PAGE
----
Later in the afternoon (after our favorite mid-morning donut break and pizza lunch) my young authors gather for a silent hour of writing. There are also young artists present at the conference who attempt to capture the art and magic of the day through sketches. The authors generate a first draft of their writing piece, which is a 500 word personal narrative inspired by a piece of artwork we viewed in the morning. We sit at a table in the middle of the gallery – what a gift to be able to write surrounded by world treasures! After another short break, we engage in peer revision, editing, and writing a final copy. Then, voila, their work is published in a few short months! I am very grateful for this opportunity to be inspired by the art, authors, and artists. I only wish that all of my students could partake in this experience!

If you’d like to learn more about the conference, please visit the Art of Writing Facebook page 

Milwaukee Art Museum (c) Kristen Dembroski

The Milwaukee Art Museum Calatrava – so gorgeous!

Art of Writing Conference Summer 2013 (c) Kristen Dembroski

My young authors enjoying a nutrition break in the Calatrava

Art of Writing Conference Summer 2013 (c) Kristen Dembroski

My young authors, writing their drafts in the museum

Milwaukee Art Museum (c) Kristen Dembroski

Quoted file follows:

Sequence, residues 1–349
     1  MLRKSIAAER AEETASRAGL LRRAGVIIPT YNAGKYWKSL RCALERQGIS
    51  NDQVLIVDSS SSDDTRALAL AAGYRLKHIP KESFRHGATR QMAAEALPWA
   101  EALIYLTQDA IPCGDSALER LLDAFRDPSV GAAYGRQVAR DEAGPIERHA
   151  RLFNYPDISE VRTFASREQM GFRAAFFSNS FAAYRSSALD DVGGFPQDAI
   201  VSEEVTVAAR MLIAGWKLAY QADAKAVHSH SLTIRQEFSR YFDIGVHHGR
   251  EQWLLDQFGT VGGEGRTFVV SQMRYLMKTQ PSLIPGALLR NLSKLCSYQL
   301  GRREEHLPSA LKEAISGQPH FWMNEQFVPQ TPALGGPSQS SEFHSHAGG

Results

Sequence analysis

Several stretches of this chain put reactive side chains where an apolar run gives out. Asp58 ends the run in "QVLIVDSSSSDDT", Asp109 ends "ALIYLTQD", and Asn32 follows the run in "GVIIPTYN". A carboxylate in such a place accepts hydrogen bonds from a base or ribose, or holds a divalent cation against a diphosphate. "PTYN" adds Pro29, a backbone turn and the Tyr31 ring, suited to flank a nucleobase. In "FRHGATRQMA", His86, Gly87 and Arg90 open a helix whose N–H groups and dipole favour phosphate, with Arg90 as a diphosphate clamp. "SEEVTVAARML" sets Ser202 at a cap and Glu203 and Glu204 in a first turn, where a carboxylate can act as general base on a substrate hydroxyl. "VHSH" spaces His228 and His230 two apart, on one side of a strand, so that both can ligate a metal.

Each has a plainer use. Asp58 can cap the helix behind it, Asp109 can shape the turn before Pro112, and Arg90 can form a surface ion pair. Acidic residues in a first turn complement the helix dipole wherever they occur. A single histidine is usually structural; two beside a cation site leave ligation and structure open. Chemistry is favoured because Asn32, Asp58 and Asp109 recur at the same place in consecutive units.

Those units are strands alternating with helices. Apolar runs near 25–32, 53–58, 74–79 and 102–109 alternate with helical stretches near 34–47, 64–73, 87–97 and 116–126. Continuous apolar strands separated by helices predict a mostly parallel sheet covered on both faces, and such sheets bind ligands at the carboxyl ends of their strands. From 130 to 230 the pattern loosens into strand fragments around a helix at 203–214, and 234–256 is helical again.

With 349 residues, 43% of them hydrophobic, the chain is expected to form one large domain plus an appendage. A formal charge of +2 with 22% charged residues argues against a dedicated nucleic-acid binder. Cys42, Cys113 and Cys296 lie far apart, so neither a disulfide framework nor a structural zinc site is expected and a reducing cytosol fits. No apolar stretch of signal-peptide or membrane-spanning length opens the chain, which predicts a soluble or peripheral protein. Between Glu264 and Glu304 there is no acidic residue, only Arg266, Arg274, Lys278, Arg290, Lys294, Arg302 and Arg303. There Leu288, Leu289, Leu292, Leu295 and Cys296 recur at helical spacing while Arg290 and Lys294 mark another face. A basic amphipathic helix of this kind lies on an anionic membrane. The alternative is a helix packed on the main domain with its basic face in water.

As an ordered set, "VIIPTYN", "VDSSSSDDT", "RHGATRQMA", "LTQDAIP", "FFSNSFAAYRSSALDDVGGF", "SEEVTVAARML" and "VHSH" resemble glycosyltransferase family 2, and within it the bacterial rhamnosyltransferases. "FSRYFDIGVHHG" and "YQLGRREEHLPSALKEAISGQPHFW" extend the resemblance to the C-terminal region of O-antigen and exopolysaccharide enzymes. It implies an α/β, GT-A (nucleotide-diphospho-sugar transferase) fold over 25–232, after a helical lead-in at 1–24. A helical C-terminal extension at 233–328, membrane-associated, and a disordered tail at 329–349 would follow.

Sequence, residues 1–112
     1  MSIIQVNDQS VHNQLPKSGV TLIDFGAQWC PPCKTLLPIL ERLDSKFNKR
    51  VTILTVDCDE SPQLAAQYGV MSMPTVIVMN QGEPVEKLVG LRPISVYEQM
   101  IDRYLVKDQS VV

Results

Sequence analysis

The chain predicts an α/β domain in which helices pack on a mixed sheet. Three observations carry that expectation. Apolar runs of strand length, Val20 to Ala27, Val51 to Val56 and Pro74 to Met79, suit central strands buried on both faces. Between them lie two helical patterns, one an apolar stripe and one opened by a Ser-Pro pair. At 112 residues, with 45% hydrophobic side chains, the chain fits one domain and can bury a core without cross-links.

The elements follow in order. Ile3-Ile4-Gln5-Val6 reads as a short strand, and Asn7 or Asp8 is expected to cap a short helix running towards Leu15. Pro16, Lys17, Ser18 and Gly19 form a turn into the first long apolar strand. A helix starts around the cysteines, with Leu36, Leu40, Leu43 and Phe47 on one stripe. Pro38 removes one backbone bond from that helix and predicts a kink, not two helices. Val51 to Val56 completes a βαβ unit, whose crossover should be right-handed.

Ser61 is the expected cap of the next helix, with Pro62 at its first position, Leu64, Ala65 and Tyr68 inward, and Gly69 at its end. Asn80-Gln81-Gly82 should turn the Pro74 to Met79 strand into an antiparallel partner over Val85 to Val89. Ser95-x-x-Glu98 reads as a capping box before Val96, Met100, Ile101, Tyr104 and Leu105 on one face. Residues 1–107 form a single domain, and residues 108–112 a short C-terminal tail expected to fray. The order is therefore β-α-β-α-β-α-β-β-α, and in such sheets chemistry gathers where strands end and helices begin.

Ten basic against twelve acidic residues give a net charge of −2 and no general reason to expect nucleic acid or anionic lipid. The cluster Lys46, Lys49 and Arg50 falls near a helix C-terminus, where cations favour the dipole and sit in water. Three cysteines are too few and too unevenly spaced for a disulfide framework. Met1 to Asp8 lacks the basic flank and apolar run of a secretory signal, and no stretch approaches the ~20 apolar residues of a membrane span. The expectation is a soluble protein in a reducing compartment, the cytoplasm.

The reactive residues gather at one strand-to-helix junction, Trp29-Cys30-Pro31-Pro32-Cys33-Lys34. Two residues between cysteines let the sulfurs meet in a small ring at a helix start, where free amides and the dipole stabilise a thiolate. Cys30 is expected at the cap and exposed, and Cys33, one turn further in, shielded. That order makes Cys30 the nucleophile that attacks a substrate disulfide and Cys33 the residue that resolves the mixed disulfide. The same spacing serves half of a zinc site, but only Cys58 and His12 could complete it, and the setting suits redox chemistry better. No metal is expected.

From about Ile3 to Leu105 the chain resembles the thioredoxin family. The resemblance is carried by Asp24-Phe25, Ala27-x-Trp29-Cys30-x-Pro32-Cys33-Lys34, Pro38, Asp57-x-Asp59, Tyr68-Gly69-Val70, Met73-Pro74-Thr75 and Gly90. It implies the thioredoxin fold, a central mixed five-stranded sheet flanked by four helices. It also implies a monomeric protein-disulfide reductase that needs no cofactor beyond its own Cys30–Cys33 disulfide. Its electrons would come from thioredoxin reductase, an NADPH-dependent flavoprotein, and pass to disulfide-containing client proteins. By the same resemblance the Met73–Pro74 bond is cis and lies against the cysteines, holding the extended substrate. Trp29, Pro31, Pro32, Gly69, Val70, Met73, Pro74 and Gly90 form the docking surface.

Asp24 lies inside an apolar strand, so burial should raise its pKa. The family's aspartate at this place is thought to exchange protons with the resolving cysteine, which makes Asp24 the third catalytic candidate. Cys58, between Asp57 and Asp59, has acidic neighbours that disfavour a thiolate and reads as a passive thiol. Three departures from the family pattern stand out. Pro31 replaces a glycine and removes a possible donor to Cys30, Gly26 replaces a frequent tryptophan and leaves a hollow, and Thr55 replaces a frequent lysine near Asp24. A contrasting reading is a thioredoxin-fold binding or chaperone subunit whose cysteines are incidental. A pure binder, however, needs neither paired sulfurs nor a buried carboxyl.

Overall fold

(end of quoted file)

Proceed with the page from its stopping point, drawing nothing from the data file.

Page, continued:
Mr. and Mrs. Pitch and Peach America – Reginald Baylor

Milwaukee Art Museum (c) Kristen Dembroski

Niagara by George Williams Jr

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Fingerprint Poetry

Fingerprint Poetry was an awesome way to start the year. It was an icebreaker, get-to-know-you activity, and a great transition back into writing after the summer off. Plus students get to write about their own favorite topic – themselves!

I was inspired with this idea when I noticed how my students never liked to write on straight lines. They love being artsy and letting their words flow like water. And what better way to personalize your writing than by making it on your own special fingerprint?

I first had them choose a finger and inspect it carefully. Were they a whorl? arch? loop? A lot of them had never really looked at their fingerprints up close, so they enjoyed this. .Then, they picked the fingerprint poetry template that best matched their own fingerprint.

I gave them 16 different options of what to write about, but ultimately tried to steer them towards a more ‘stream of consciousness’ type of writing or a ‘brain dump’ in which they fill the spaces with anything and everything they are thinking. It’s a very free flowing activity.

Next, I asked them to think about how they could use color, textures, and pictures to bring their fingerprint to life. They always impress me with their creativity! As you can see, the results were fantastic.

If you want to purchase this activity, which includes writing instructions and 3 fingerprint templates, click here and enjoy! Thanks!